Moronic Ox Talks with Author and Social Activist Tamara Pearson
MO:The Butterfly Prison takes place in Australia – the suburban slums of Sydney, to be more precise. Today we are speaking to you from your home in Mexico. Prior to living in Mexico, you also lived in Ecuador and in Venezuela. As a girl growing up in Australia, what were your experiences that a) motivated you to write The Butterfly Prison; b) migrate to South America?
Tamara Pearson: I was an unusual child, though most people were when you look closely enough. At thirteen I was upset about poverty, politician lies, and racism, and I wanted to talk more about that than what my friends were talking about. The suburb one of the main characters, Mella, lives in, is fairly similar to mine, and her experience working as a cashier is something I also went through when I was 15 or 16. But what really motivated me to write the book is just how bad the world is for most people, but how incredible human beings can be. We are all so diverse and complicated and courageous, despite the various social hardships we all deal with, and that offers some hope to me.
When I moved to Venezuela in 2007, the Bolivarian revolution was in full swing, and I thought I could learn from it. There was community organizing on a mass scale, free health care, and eventually free housing – and most importantly, the majority poor in Venezuela were starting to have a serious voice in politics – in the big national and local decisions that make a difference to their lives. I ended up staying.
MO: You have said that it took you ten years to write The Butterfly Prison. Why so long? And how did you sustain your passion for the writing for so many years?
Tamara Pearson: Partly it took so long, because like most writers, I was learning as I go, and I made a lot of mistakes at the start – whole sections were scrapped. The first few years I was also working full time, or studying full time and working part time, as well as activism – so that made it hard. But it was also that the novel involved a lot of research, and that I wanted to make every word count. Even though it's prose, I wanted it to be as well written and as rich as poetry. So I could spend a week brainstorming and working on a small vignette, getting it as concise and to the point as possible.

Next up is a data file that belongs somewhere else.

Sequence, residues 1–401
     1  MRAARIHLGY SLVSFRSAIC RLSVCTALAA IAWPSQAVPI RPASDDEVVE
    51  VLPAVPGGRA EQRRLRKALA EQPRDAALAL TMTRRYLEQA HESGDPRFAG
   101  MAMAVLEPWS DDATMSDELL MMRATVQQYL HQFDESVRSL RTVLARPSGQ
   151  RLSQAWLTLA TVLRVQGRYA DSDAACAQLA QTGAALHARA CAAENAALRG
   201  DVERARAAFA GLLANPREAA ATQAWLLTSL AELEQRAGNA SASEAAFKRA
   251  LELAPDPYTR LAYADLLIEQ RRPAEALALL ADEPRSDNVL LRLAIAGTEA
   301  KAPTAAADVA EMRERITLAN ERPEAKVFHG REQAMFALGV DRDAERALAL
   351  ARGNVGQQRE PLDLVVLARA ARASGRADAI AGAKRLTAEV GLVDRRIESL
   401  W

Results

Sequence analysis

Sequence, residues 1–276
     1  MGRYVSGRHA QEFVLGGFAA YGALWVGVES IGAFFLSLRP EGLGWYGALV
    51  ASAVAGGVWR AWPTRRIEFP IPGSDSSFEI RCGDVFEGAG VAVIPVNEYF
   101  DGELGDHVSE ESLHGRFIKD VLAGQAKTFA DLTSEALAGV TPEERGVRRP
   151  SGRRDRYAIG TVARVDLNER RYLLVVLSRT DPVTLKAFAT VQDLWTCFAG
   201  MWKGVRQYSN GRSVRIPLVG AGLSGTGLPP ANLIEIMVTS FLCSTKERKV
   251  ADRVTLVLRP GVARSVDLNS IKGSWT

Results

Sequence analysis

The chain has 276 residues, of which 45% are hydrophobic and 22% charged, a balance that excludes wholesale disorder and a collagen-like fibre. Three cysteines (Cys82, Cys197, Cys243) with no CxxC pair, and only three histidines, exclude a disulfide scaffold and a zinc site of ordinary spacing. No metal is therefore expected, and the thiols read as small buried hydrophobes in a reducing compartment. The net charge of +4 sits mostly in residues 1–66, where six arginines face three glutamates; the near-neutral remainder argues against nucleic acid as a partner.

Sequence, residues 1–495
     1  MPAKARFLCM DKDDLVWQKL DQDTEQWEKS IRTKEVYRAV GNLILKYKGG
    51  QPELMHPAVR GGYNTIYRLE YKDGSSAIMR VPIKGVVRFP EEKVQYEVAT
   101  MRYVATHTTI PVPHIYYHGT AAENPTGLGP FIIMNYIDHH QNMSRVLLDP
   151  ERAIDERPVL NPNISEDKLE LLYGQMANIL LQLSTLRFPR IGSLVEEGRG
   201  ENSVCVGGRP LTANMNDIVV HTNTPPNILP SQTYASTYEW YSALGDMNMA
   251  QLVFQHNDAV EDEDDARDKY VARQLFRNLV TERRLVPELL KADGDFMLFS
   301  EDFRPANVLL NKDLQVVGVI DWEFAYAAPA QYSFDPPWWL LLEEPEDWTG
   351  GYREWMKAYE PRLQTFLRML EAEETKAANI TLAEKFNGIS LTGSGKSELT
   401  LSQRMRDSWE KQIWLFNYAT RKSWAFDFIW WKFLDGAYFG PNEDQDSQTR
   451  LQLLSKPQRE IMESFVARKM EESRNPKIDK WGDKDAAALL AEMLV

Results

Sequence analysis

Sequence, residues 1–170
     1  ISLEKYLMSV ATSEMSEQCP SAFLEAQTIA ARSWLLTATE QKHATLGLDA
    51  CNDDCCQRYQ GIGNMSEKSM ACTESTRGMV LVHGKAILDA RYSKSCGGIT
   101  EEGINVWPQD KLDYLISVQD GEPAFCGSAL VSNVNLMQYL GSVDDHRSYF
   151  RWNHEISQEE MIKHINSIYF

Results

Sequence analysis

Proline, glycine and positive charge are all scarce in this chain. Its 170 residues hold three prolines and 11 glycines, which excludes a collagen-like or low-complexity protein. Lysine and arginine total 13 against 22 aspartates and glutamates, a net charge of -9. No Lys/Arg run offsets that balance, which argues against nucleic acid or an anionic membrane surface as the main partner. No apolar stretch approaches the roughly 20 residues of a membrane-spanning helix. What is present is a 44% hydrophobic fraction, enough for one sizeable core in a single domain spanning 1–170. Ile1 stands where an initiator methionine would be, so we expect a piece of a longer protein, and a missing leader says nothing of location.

You know, I really think we should write things that we believe need to be written. The stealing of humanity, the corruption of beauty, were things that I thought needed to be written about and talked about and understood. Literature can help us imagine a new reality, it can give us the words and ideas to talk about it, and help us to name the social oppression that needs to be changed. I hoped to do that – contribute, in a tiny way to that.
MO: The Butterfly Prison exposes modern-day socio-economic and racial class separation not only in Australia, but throughout the so-called developed world. How have you personally experienced such class separation both in Australia and while living abroad? How have your personal experiences with this issue shaped the way you live – the way you work, play, interact with others?
Tamara Pearson: For Australian standards, my family was relatively poor. We were okay, but we rarely ate out, never went places for holidays, didn't have new clothes, that sort of thing. I think in many ways it was good – my mum encouraged me and my brother to play a lot as kids, but usually with old egg cartons or whatever, and that sort of thing encourages creativity and innovation, rather than a materialistic dependence on consumerism. But our house was old and friends from school would always insist I go to their place, rather than they come to mine. When there were dances or things like that, I didn't feel like I could go. I felt that the world of being beautiful wasn't a place I was part of, because it seemed fashion decided that. Writing The Butterfly Prison was very much about defining what beauty really is, and it's so much more wonderful than expensive clothes.
My life in Latin America, in terms of material standards, has been fairly similar. Living happily on the basics. Not being able to afford shoes, or to go out sometimes – but it doesn't seem to matter when life is so rich with culture, books, community organization, and incredible conversations. But you notice how the first world lives, and how many people in the first world seem to own so much stuff, so many gadgets, such big houses. Ultimately though, that isn't very important. What we need is for every single human being to be able to live in dignity – both material, and immaterial (where their opinion matters, where they aren't discriminated against or devalued).